Tuesday, May 1, 2018

The One-eyed Chick and Other StoriesThe One-eyed Chick and Other Stories by Basanta Kumar Satpathy

My rating: 5 of 5 stars

There is no mistaking the intimacy of the author with the experiences around which the stories are woven. Be it a tenant and his children getting used to the surroundings of a freshly rented house, or a reflective commuter recounting the conversation and experiences his daily grind brings forth.

Most of the stories veer around a forlorn widower trying to come to grips with his loneliness and fulfilling the responsibilities of raising a brood of motherless children. The stories cover a range of emotions of widowhood, from those evoked by immediate and sorrowful parting of his wife to those evoked by nostalgia and reminiscence. 'That Boy' is a poignant tale of a grief for a departed son.

But take heart, the collection is not all about heartbreaking flashes from the past: Satpathy knows how to wriggle out of his painful remembrances. The story teller brings up a few laughs even when the proceedings are heavy. Then, there are a few stories which are plain hilarious.

The description of pandemonium that ensues at the Lit Fest where the author has been invited as the Chief Guest has all the signs of a masterstroke. By the time the author's turn comes to address the chaotic audience as the Chief Guest, the Chairperson of the festival has already been shooed away and the latter "had suffered a heart attack". Good sense prevails on the author as he quickly dumps his staid topic and focuses on a poem his 13-year old grandson had written. This makes his day as a modern poet and brings great ovation.

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Monday, April 17, 2017

A Déjà vu Moment in Mumbai

Some years ago in Mumbai, on a morning like today, I pined for elusive haladi patra (turmeric leaves) to celebrate Prathamashtami with enduri pitha. The much desired ingredient did not reach my hands in time, but the fall out of the failed search was an article I wrote then, which you may visit by clicking this link: https://hota-hai.blogspot.in/2009/11/leaves-of-desire.html
I had a very similar experience today morning. The Whatsapp chats were choc-a-bloc with wishes and greetings for Odia New Year, also known as Maha Vishuv Sankranti or Pana Sankranti or Chhatua Sankranti. The last two mentioned names have culinary association. The beverage Pana is a nice concoction of many tasty ingredients, the most important of them being bela (Hindi-Bel, Sanskrit-Bilwa, English-Wood Apple). For a pana worth its name, you can manage in the absence of any of these ingredients but for the bela pulp.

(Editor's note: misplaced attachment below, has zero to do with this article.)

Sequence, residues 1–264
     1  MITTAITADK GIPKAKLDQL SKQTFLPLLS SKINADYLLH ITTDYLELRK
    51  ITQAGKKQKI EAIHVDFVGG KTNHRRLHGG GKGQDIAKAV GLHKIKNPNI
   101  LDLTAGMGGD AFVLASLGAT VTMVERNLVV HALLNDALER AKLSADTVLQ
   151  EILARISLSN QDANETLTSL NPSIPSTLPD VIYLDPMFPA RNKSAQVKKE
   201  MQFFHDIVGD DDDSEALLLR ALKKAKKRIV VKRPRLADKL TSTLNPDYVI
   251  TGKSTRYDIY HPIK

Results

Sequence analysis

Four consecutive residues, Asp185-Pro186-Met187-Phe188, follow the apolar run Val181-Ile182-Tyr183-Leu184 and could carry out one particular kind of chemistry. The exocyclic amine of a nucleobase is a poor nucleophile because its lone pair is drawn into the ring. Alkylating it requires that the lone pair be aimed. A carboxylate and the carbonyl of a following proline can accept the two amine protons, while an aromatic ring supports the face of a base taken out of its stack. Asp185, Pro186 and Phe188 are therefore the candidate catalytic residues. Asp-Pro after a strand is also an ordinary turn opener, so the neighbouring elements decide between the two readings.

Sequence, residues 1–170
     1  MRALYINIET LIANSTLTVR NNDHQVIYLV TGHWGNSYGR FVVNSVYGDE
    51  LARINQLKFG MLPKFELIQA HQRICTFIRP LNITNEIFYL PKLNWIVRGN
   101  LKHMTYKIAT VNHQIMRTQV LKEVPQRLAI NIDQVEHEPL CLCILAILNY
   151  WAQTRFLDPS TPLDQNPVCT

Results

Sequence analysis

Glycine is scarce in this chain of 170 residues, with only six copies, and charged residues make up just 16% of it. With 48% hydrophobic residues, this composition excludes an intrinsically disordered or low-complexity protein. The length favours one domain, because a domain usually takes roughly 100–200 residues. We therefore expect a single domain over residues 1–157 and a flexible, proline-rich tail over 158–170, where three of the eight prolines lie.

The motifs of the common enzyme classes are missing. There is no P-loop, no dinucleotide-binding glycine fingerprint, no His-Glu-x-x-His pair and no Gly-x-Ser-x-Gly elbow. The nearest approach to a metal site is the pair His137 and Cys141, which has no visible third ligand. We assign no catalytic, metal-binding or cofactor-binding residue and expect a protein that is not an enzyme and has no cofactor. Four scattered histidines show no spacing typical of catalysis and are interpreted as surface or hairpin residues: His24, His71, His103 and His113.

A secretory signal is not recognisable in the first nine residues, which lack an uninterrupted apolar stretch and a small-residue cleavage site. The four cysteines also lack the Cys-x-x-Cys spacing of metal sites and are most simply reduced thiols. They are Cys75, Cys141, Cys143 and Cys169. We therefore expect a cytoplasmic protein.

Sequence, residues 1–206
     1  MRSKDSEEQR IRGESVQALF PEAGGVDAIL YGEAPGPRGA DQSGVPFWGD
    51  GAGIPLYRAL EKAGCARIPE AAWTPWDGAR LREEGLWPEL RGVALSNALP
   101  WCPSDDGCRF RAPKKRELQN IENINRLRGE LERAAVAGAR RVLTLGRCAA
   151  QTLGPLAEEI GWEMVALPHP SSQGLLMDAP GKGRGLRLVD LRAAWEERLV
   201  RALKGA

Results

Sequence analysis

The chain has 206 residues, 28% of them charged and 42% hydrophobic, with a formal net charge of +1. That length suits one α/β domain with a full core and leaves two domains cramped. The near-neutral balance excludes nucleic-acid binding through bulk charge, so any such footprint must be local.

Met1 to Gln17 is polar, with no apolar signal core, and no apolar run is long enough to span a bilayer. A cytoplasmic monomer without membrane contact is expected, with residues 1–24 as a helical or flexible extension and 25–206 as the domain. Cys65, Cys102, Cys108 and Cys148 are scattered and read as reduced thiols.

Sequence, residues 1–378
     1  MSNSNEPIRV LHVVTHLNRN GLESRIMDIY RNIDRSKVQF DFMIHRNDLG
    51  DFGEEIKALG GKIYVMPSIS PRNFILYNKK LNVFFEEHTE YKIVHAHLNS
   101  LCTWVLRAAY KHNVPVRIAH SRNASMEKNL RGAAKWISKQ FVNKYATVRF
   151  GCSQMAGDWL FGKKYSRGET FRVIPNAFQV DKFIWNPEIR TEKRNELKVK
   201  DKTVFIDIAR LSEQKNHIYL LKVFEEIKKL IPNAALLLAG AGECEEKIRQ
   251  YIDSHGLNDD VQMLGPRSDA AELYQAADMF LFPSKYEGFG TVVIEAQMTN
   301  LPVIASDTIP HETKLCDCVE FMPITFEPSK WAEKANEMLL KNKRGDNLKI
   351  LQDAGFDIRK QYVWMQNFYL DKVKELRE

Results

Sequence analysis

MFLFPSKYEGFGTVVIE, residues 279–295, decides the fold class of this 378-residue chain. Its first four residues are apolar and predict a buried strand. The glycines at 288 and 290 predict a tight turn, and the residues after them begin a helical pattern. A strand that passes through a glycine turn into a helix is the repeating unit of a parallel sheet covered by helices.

The other essential food preparation on the occasion is chhatua or sattu gruel. Chhatua is a flour consisting of a mixture of ground pulses and cereals, in which water, jaggery and condiments are mixed to prepare the yummy gruel, so popular with Odias. Both Pana and Chhatua have their symbolic significance for the celebrations of Maha Vishuv Sankranti, hence I started looking for them frantically this morning.
I consulted Google and scrutinised the maps to locate possible places to find these two items in Mumbai. At last I narrowed my search down to a vegetable market, and headed towards it. I scoured the whole market for the two items, but nowhere could I see any hope of finding them. Exasperated, I asked the last fruit seller I met, if he could tell me whereto find those items in Mumbai. "Dadar" was the prompt reply, and that was my Déjà vu moment.
Going by my previous experience, I didn't try Dadar and headed for home. Idea was to try shopping online . My search for bela drew a blank. But I was lucky to find chhatua (sattu) listed for home delivery. I promptly ordered that and felt happy to have at least one of the two items on the festive day.
My joys evaporated at the time of check out, as I was notified that the earliest time my item would be delivered was tomorrow morning, that is on the day following Maha Vishuv Sankranti.